One woman from Cork put a tweet out, wondering why her teenage daughter did not like making phone calls.
She said the response she got was 'incredible', and that it is not just an issue confined to a younger age group.
Jackie Foley asked on Twitter: "Does anyone know why a lot of teenagers now will avoid making a call?
"They seem to hate talking on the phone. Don't want to call a cab, a takeaway or even ring family", she tweeted.
"I don't know if it's a lack of confidence but it's definitely not good for their communication skills."
Does anyone know why a lot of teenagers now will avoid making a call? They seem to hate talking on the phone. Don't want to call a cab, a takeaway or even ring family. I don't know if it's a lack of confidence but it's definitely not good for their communication skills.
— Jackie Foley (@foleyjackie823) March 28, 2021
She explained to Lunchtime Live she did not realise how widespread this issue was.
"I have a teenage daughter and I've noticed for quite some time that the concept of taking or making a phone call was just taboo.
"She'd rather communicate in any other way - whether it's text, Snapchat - anything, rather than put herself through, and it was, an ordeal.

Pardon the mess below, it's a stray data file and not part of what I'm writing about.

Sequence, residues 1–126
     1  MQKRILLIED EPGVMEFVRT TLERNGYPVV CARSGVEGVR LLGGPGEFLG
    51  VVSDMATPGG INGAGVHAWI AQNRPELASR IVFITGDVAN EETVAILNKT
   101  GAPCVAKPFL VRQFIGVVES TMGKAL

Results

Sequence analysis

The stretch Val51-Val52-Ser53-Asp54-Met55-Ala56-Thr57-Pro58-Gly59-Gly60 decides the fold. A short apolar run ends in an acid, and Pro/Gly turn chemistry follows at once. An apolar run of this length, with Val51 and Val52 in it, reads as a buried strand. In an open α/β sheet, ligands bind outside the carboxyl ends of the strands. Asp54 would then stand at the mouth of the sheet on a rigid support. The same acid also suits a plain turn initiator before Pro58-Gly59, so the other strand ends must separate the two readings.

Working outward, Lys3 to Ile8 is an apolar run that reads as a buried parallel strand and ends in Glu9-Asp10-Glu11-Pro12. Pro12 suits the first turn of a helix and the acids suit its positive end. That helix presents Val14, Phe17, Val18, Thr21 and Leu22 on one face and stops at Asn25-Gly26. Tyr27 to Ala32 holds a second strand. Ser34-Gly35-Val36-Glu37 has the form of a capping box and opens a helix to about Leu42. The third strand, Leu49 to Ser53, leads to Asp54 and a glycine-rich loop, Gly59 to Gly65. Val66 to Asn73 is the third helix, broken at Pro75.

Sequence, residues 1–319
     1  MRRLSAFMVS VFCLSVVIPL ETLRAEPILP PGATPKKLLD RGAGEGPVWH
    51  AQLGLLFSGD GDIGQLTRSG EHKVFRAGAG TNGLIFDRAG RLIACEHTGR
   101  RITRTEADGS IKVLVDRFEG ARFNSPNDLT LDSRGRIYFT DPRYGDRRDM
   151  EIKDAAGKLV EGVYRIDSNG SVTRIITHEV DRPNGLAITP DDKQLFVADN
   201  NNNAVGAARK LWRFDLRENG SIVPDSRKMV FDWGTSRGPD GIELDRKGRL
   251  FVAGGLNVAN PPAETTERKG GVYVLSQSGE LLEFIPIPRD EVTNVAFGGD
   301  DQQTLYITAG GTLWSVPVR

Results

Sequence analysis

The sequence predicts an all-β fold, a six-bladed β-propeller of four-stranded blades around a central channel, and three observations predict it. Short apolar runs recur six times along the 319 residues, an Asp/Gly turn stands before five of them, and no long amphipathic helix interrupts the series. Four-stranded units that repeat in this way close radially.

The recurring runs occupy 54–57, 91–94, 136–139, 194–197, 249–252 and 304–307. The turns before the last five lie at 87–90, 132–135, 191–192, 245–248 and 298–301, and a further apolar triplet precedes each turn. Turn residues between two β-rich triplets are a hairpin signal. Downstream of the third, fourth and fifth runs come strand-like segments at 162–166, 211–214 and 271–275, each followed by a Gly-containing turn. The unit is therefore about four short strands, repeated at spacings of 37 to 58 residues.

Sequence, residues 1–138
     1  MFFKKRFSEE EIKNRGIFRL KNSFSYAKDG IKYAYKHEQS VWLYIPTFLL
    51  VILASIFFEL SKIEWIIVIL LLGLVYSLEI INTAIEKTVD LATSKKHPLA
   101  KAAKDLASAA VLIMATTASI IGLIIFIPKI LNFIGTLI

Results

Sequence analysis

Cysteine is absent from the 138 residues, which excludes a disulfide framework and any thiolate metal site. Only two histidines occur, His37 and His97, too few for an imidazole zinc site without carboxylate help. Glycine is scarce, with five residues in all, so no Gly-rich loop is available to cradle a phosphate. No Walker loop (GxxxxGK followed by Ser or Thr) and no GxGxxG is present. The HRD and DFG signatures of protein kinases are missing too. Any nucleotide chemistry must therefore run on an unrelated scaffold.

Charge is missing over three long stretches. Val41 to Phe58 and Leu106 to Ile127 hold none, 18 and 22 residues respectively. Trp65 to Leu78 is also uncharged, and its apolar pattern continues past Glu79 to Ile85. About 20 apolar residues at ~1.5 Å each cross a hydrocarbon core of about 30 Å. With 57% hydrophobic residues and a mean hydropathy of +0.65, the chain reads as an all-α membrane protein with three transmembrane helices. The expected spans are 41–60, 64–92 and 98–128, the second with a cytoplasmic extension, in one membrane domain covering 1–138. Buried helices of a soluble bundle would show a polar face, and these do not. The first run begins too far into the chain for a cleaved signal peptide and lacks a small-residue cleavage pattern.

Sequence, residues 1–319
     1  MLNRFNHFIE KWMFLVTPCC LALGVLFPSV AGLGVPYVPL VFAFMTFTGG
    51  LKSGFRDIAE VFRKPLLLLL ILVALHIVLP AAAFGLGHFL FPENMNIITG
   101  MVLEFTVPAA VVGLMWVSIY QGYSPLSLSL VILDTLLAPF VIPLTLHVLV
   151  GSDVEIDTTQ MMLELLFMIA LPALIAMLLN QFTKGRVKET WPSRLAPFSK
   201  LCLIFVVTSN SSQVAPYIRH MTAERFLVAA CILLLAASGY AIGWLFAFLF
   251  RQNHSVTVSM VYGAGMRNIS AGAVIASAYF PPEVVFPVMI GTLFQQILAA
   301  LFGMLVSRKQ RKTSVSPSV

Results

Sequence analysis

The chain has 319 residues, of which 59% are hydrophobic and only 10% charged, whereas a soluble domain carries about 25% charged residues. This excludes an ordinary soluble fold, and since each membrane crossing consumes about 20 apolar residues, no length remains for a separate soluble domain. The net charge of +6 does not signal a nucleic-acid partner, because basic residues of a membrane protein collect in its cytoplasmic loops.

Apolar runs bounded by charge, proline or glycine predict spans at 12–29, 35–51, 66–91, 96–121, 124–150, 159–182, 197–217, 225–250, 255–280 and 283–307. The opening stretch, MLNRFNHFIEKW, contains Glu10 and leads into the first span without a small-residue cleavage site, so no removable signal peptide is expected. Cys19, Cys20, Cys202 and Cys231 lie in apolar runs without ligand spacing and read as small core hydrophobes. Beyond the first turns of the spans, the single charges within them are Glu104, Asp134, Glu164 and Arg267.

"Even making a call to a family member, calling a takeaway, anything.
"I got the impression that [the problem] was being put on the spot."
But Jackie said she soon realised this was not just something that teenagers experience.
"The level of the response was incredible...and the age group: it certainly is not an issue that's confined to young people.
"As a matter of fact, I'd a gentleman at 85-years-old saying all his life he's been anxious around calls.
"People of all ages, my own age - and I'm 51 - a huge number of people saying they would rather communicate in any [other] way.
"The reasons for it varied: people finding it intrusive, a lot of people saying it was a hassle to get a phone call because it was demanding a response immediately - and it was not taking into account what was going on in their time and space.
"Some people finding it even rude; somebody said that receiving a phone call was like somebody turning up to their house unannounced".
'Absolutely a no-go'
Jackie said calls have to be prearranged and that cold-calling was a no-go area.
"Those especially who suffered anxiety found the stress of a phone call huge.
"Some people say, socially, they might make a call - but again it's prearranged.
"There seems to be an absolutely a no-go on this spontaneous 'pick up the phone'.
"They will receive a call if somebody contacts them in advance, saying 'When is good for you to receive a call from me?'
"And then they can prepare for that - but this thing of the phone ringing and then picking it up, that's just not an option".
She added that there was a feeling of fear from her daughter that she would say the wrong thing - even with her friends.
"They seem to go for other platforms - sending the quick Snapchat and whatever - and there does seem to be a huge respect for 'Maybe it's not the right time, people might be doing other things'.
"They seem to very conscious of each other's time, space and whether or not the person is in a position to talk".